As students are finishing up the school and beginning their summer breaks, I want to remind them of the opportunity to apply to a United States Service Academy. Appointing Kansans to the U.S. Military Academy in West Point, N.Y.; the U.S. Naval Academy in Annapolis, Md.; the U.S. Air Force Academy in Colorado Springs, Colo; and the U.S. Merchant Marine Academy in Kings Point, N.Y. is one of my favorite duties as a U.S. Senator.

To review requirements and move through the application process, please download an application from my website or contact my Olathe office at 913-393-0711. All application materials are due to my Olathe office by September 7, 2018. After applications have been reviewed, applicants will be notified of interviews with my Service Academy Selection Board, which will take place on Saturday, September 22, 2018, at the Eisenhower Presidential Library in Abilene.

Kansans in the Office

Carol Katzman of Overland Park

American Association of Orthodontists
Donald Wilcoxon of Overland Park

Douglas Heizman of Overland Park

Growth Energy
Ed Condon of Lenexa
Gary Harshburger of Dodge City
Dave Kerr of Hutchinson
Rock Ormiston of Kismet
Megan Vincent of Sterling
Tom Willis of Liberal

International Association of Machinists and Aerospace Workers
Gary Hall of Wichita
Shaun Junkins of Wichita
Kenny Lewellen of Wichita
Rickey Nelson of Wichita
Roger Stamback of Wichita
Tony Spicer of Wichita

Interfaith Working Group on Foreign Assistance
Karen Nyhart of Kansas City
Richard Shockey of Kansas City

Kansas Emergency Management Association
Autumn Arasmith of Colby
Gary Denny of Newton
Dan Robeson of Overland Park
Thomas Winter of Ottawa

Kansas Hospital CEOs
Melissa Atkins of Hill City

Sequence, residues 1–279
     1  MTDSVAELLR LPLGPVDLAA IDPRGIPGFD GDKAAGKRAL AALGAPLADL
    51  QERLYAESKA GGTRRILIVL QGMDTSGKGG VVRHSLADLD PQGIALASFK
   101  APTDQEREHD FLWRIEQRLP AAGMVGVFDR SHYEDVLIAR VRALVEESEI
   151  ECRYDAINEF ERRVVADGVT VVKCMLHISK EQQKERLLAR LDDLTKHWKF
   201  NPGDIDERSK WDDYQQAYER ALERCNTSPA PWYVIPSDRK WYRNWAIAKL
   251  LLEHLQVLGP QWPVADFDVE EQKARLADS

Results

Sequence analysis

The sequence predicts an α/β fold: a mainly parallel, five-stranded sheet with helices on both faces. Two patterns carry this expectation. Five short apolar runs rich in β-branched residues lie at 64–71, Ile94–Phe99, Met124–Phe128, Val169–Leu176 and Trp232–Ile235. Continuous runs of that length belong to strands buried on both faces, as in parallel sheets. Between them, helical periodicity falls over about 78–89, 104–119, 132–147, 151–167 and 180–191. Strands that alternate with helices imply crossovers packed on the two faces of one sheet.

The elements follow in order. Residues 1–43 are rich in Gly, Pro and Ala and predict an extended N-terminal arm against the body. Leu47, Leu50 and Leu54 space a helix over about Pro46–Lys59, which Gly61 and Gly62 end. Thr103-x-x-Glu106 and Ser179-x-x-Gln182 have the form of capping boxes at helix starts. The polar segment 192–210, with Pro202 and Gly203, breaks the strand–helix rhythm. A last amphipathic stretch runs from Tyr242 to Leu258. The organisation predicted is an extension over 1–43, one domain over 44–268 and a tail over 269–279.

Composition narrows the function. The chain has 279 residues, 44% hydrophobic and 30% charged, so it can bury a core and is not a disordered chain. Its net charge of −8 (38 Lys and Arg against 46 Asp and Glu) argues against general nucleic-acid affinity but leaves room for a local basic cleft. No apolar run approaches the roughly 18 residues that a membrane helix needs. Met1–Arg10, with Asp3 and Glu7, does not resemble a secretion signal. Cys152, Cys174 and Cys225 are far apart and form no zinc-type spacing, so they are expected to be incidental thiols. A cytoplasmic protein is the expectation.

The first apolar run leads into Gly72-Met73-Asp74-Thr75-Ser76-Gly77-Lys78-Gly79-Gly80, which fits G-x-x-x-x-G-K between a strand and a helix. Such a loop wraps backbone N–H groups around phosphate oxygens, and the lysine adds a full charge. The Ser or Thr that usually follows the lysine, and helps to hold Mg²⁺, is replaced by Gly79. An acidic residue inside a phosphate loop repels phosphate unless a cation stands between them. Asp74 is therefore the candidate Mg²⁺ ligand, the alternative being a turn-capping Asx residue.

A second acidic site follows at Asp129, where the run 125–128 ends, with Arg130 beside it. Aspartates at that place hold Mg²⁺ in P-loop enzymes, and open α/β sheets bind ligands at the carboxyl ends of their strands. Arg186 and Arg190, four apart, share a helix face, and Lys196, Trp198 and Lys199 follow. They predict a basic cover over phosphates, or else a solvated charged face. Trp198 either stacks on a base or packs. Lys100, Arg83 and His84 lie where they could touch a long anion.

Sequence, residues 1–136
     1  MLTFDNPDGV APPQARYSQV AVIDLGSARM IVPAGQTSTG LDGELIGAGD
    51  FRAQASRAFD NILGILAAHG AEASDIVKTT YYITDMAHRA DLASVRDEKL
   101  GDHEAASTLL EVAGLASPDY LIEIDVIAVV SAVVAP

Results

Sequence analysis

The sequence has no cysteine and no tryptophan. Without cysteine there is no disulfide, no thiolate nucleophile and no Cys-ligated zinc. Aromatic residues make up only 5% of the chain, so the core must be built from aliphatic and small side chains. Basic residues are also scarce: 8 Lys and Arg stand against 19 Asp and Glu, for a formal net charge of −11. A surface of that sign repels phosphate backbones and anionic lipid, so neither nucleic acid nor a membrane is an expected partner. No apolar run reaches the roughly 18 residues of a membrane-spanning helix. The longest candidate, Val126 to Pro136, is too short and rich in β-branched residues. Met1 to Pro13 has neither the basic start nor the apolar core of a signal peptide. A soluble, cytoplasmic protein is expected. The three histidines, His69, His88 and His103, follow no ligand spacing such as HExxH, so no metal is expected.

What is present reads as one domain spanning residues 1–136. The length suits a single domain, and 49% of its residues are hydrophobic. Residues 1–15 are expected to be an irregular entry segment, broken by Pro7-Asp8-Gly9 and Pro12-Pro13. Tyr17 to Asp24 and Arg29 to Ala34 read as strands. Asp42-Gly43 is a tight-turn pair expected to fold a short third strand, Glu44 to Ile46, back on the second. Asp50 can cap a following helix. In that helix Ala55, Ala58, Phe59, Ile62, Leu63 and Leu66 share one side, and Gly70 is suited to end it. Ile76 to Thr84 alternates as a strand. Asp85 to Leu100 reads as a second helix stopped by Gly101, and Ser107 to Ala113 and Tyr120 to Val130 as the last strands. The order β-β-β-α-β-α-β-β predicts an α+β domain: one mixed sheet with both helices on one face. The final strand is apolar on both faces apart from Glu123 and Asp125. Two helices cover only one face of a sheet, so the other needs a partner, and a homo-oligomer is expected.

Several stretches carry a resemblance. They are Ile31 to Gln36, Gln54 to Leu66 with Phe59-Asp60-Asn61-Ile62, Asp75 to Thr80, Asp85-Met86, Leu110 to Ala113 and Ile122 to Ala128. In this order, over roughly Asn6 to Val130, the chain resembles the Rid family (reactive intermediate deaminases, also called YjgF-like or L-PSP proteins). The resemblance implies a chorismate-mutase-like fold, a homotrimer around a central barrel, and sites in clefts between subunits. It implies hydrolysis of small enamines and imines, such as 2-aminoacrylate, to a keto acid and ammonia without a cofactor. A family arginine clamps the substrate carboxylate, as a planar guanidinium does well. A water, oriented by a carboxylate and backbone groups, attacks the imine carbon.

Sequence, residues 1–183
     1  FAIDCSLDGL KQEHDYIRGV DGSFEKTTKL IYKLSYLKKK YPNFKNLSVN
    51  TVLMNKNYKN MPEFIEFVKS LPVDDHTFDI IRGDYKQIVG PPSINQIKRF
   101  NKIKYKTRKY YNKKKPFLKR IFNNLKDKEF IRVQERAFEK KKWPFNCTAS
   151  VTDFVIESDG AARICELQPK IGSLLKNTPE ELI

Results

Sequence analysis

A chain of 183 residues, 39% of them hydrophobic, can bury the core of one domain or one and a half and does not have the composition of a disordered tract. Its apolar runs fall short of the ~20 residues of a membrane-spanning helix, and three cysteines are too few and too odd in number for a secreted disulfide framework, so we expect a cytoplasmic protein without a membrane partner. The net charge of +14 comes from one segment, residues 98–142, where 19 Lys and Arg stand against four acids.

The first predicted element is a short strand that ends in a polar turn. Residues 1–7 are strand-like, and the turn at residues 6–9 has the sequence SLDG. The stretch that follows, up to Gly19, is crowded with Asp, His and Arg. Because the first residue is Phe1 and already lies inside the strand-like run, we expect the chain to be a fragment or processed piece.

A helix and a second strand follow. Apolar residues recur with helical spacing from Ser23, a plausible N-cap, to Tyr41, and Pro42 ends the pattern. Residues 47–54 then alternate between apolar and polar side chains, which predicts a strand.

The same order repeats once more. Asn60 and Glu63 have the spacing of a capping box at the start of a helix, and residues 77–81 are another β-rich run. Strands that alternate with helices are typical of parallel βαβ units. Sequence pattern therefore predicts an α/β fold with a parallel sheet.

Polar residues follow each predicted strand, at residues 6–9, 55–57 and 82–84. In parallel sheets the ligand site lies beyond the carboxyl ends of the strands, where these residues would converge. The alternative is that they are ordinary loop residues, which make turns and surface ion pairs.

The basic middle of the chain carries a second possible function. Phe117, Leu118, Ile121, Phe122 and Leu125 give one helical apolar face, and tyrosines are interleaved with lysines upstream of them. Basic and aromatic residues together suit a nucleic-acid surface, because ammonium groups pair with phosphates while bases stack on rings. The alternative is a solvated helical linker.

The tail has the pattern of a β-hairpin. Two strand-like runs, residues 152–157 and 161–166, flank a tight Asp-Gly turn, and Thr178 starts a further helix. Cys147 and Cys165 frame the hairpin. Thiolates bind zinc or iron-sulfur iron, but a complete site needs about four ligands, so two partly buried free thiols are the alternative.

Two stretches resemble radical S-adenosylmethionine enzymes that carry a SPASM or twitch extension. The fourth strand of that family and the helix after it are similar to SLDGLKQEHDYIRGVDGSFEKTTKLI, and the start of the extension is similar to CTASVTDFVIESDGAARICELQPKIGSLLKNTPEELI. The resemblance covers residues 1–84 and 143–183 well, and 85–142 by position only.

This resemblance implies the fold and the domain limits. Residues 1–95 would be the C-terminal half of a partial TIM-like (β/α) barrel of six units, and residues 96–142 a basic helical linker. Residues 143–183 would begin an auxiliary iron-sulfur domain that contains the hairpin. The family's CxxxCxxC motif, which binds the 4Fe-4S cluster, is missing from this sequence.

Chad Austin of Topeka
Tom Bell of Topeka
Kiley Ford of Seneca
Dennis Franks of Chanute
Dennis George of Kansas City
Val Gleason of Newton
Russ Johnson of Lawrence
George Stover of Lyons

Kansas Library Association
Robert Banks of Topeka
Kate McNair of Merriam
Gina Millsap of Topeka
Marie Pyko of Topeka

KS Wheat Growers
Daniel Heady of St. George

Materials Research Society
Judy Wu of Lawrence

National Brain Tumor Society
Victoria Carpenter of Merriam
Annie Kotich of Lenexa
Linda Kotich of Topeka

North American Insulation Manufacturers Association
Robert Buck of Kansas City
Johns Manville of McPherson

Spirit Aerosystems
Tom Gentile of Wichita
Eric Hein of Wichita
Sam Sackett of Wichita
Andy Schlapp of Wichita
John Tomblin of Wichita

VA Medical Center Directors
Rick Ament of Wichita
Rudy Klopfer of Topeka
Michael Moore of Kansas City
William Patterson of Kansas City
Paula Roychaudhuri of Overland Park

Zero to Three
Amy Lingerfelt of Pittsburg
Charles Lingerfelt of Pittsburg
Noah Lingerfelt of Pittsburg

Capitol Tour
Amy Bailly of Wichita
Anna Bailly of Wichita
Nancy Beale Halpin of Berryton
Bridget Bleakley of Wichita
Tiara Collins of Wichita
Aaron Davis of Overland Park
Sharon Dedo of Wichita
Tricia Glidewell of Wichita
Glen Glidewell of Wichita
Gary Hall of Wichita
Kathy Halpin of Berryton
Amber Junkins of Wichita
Shaun Junkins of Wichita
Joan Martin of Wichita
Grace Martin of Wichita
Dave McIntire of Wichita
Devon Olson of Rose Hill
Beth Olson of Rose Hill
Kaitlyn Olson of Rose Hill
Khylee Olson of Rose Hill
C.R. Pullen of Overland Park
Leslie Pullen of Overland Park
Benjamin Rivers of Wichita
John Rueger of Lenexa
Alexander Rueger of Lenexa
Karen Siebert of Prairie Village

Honored to Serve You in Washington
It is an honor to serve you in Washington, D.C. Thank you to the many Kansans who have been calling and writing in to share their thoughts and opinions on the issues our state and country face. I appreciate the words of Kansans, whether in the form of a letter, a Facebook comment, or a phone call, who wish to make their voice heard.

Please let me know how I can be of assistance. You can contact me by email by clicking here. You can also click here to contact me through one of my Kansas offices or my Washington, D.C., office.

Very truly yours,